During the economic meltdown the last few years, a staggering number of families have lost their family home. The statistics regarding the number of families struggling with foreclosure are overwhelming. Over 62,000 families per month lose their homes to foreclosure. Data indicates that the family of a child in every classroom in America is at jeopardy of losing their home to foreclosure. Many people facing foreclosure are afraid to ask for help because they think that their inability to keep up with mortgage payments reflects negatively on their fiscal responsibility. The failure to ask for help is tragic because an experienced Arizona bankruptcy attorney may be able to make foreclosure stop.
Many people facing foreclosure were victimized by predatory lenders, suffered unforeseen circumstances like job loss or did not understand the sophisticated terms of their mortgage. The economic slowdown resulted in falling housing prices and anemic home values that combined with variable interest rates which spiraled out of control. These combinations of causes have resulted in millions of families facing the loss of what was traditionally the most valuable asset for families.
If you are behind on your mortgage or one of the many people currently facing unemployment in Arizona, there may be strategies that our Arizona bankruptcy law firm can use to stop foreclosure on your family home. The Chapter 13 bankruptcy process can be an invaluable tool in helping you stop a foreclosure and maintain ownership of your home. If you qualify for a Chapter 13 bankruptcy, you may be able to make payments on your mortgage arrearages (past due payments) over the course of 3 or 5 years while maintaining the current payment. Depending on your situation, we may also be able to help you eliminate some or all your unsecured debt including credit card debt, unpaid utility bills, unsecured loans, unsecured credit lines, medical bills and similar financial obligations that are not secured by collateral.
Another way our law firm may be able to assist you in preventing or stopping foreclosure of your home is by helping you extinguish your second mortgage. A second mortgage or home equity line of credit may be eliminated under certain circumstances, which can be an invaluable tool that you may use to stop foreclosure in the future. Sometimes a bankruptcy judge will agree to “strip down” the loan if the value of the property falls below the value of the first mortgage. If the bankruptcy court allows the secured obligation whether a second mortgage or secured credit line to be stripped, then the obligation becomes like any other unsecured debt that may be subject to discharge in a Chapter 7 or partial discharge in a Chapter 13. This process of debt stripping can be an invaluable tool for preventing or stopping foreclosure in the future by a secured creditor.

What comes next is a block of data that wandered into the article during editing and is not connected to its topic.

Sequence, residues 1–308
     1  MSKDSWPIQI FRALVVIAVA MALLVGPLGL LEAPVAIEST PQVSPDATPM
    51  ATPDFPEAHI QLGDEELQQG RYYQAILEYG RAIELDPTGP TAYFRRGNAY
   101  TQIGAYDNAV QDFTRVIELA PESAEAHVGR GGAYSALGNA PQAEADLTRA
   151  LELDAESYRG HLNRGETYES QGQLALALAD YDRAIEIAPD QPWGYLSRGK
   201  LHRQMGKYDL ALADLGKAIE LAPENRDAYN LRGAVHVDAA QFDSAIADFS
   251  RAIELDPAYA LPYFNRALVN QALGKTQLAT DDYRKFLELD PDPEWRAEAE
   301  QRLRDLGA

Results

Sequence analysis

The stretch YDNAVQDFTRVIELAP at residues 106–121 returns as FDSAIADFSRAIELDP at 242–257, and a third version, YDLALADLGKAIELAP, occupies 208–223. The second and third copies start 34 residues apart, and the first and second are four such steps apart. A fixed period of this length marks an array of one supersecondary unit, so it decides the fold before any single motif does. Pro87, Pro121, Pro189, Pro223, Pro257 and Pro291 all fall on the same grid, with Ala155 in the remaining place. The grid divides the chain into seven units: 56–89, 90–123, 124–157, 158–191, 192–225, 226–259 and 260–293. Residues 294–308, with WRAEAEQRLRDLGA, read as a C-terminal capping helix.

An obligation is only secured under the bankruptcy code to the extent there is positive equity or value in the asset to which the lien is attached. If you owe less than the outstanding amount of your unsecured loan, there is no equity against which to enforce a second mortgage or secured line of credit, so the obligation becomes essentially an unsecured obligation. Once your first mortgage has been deducted from the home’s existing market value, our experienced foreclosure defense attorneys may be able to get the remaining liens stripped off in Chapter 13 bankruptcy proceedings. Liens typically survive a bankruptcy discharge so a stripping a lien involves filing a Motion to Avoid Lien with the Court. You also must successfully complete the Chapter 13 bankruptcy plan by making all plan payments and receiving a bankruptcy discharge.
At Stone Rose Law, we are committed to helping families stop foreclosure and save their family home. Our Arizona bankruptcy law firm has helped thousands of people avoid or stop foreclosure. Stone Rose Law knows the value of your family home, and our knowledgeable bankruptcy attorneys are prepared to help you fight for your home so contact us online or call us today at 480-498-8998 today.